Description : "Few scholars can approach Ulysses armed with the breadth of knowledge and command of scholarship evident in Thornton's rich and humane reading of the novel. Voices and Values in Joyce's Ulysses is the most important study in many years of the relationship between Joyce's stylistic experiments and the values on which they are based."--Patrick A. McCarthy, University of Miami This book provides a clear, well-substantiated answer to a question that has vexed critics for decades: Why does Joyce employ a different style for each of the last ten episodes of Ulysses? Rejecting the commonly held position that this variety of styles is a reflection of Joyce's linguistic relativism, Weldon Thornton argues that Joyce's intention is to reveal and to highlight the limitations and distortions that these extravagantly disparate styles produce. Thornton further argues that it is in the style of the opening episodes--what Joyce called the "initial style"--that the reader will find the normative voice of the novel, the one Joyce labored mightily to create and which fulfills his underlying purposes in the novel. After grounding his epic in this "initial style," Joyce deploys an encyclopedia of contemporary modes and techniques, exposing how each in its turn inhibits or distorts our experience of the world. In every case, the fulcrum of Joyce's satire is a concern for his characters' (and his readers') fulfillment of their potential to understand what happens in their world. In the "Nausicaa" episode, for example, he reveals the pernicious effects of sentimental romance. In "Sirens" he satirizes the idea that music is the primary art. In "Circe" he demonstrates the distortion of experience that follows from the Freudian expressionistic literary mode. While the primary audience for Voices and Values in Joyce's Ulysses will be teachers, critics, and students concerned with the basic critical issues of this novel, it will also be of great interest to those concerned with the broader issues of modernism and modern literature in general. Weldon Thornton is William R. and Jeanne H. Jordan Professor of English at the University of North Carolina, Chapel Hill. He is author of several books, including The Antimodernism of Joyce's Portrait of the Artist as a Young Man (1994).
Description : From the Introduction by Declan Kiberd, author of Ulysses and Us: "Francini Bruni, friend to Joyce in Trieste, wrote that 'he only completely admires the unchangeable: the mystery of Christ and the mute drama that surrounds it.' Colum Power, in a study of remarkable patience and rigour, traces Joyce's deep engagement with the more articulate forms which that necessarily mute, often mystical drama has sometimes taken when reduced to the humiliations of language . . . " "I am delighted to learn of this work about Joyce, being one of a relatively small number of Joyce critics who see him as having a very substantial religious sensibility; a topic that I continue to find of great interest and importance." -Weldon Thornton, The Antimodernism of Joyce's Portrait of an Artist as a Young Man "A very important book. I now understand Joyce better. Critiquing Joyce and Joycean critics is always perilous, affording many opportunities to tumble ignominiously from the tightrope of true balanced perspective. This book crosses that abyss with awe-inspiring aplomb! Leaves one almost breathless, the masterful handling of the material." -Joseph Pearce, The Quest for Shakespeare "A wonderful book, I have read it with great pleasure. The author has surely done his homework. The arguments are compelling and expressed with grace and sty≤ an excellent contribution to Joyce studies." -Mary Lowe-Evans, Catholic Nostalgia in Joyce and Company "A book of enormous significance not only for students of Joyce but for our coming to grips as a nation with Irish Catholicism, but it has enormous potential way beyond the special local Irish interest, considering the widespread influence of Joyce on world literature." -Father Vincent Twomey "A work of impressive quality, not only a matter of knowledge and extensive readings of Joyce's critics. The substance and course of the reflection is really interesting... So many of the observations made are absolutely remarkable." -Father Antoine Levy, O.P. Fr. Colum Power, born in Cork, Ireland, in 1965, is a religious missionary priest. He obtained a Master's degree in Anglo-Irish Studies (1st hons.) at University College Dublin in 1991, a Licentiate in the History of Theology (9) at the San Vicente de Ferrer Faculty of Theology in Valencia, Spain, in 2011, and a doctorate in the History of the Church (9.2) at the Pontifical University of the Holy Cross in Rome in 2013.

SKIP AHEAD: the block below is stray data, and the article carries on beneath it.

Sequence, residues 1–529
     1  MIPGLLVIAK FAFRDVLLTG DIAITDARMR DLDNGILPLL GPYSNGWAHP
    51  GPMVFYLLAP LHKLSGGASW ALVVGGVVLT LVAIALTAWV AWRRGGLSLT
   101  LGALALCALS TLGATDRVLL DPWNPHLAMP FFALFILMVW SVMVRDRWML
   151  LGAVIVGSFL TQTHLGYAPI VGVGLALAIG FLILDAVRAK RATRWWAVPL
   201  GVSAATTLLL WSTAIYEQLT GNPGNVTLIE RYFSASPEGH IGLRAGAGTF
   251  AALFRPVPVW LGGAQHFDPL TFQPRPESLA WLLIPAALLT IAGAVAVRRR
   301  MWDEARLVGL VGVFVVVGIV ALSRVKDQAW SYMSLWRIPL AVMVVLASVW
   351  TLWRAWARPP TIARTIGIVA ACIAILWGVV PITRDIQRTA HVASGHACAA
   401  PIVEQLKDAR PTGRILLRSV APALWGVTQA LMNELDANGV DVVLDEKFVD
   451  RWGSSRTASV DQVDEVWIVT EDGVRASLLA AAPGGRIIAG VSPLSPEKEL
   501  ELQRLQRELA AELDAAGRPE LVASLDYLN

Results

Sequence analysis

Description : Presents more than thirty-five of the prolific poet's works, including "Ravenna," "The Ballad of Reading Gaol," and "Le Jardin."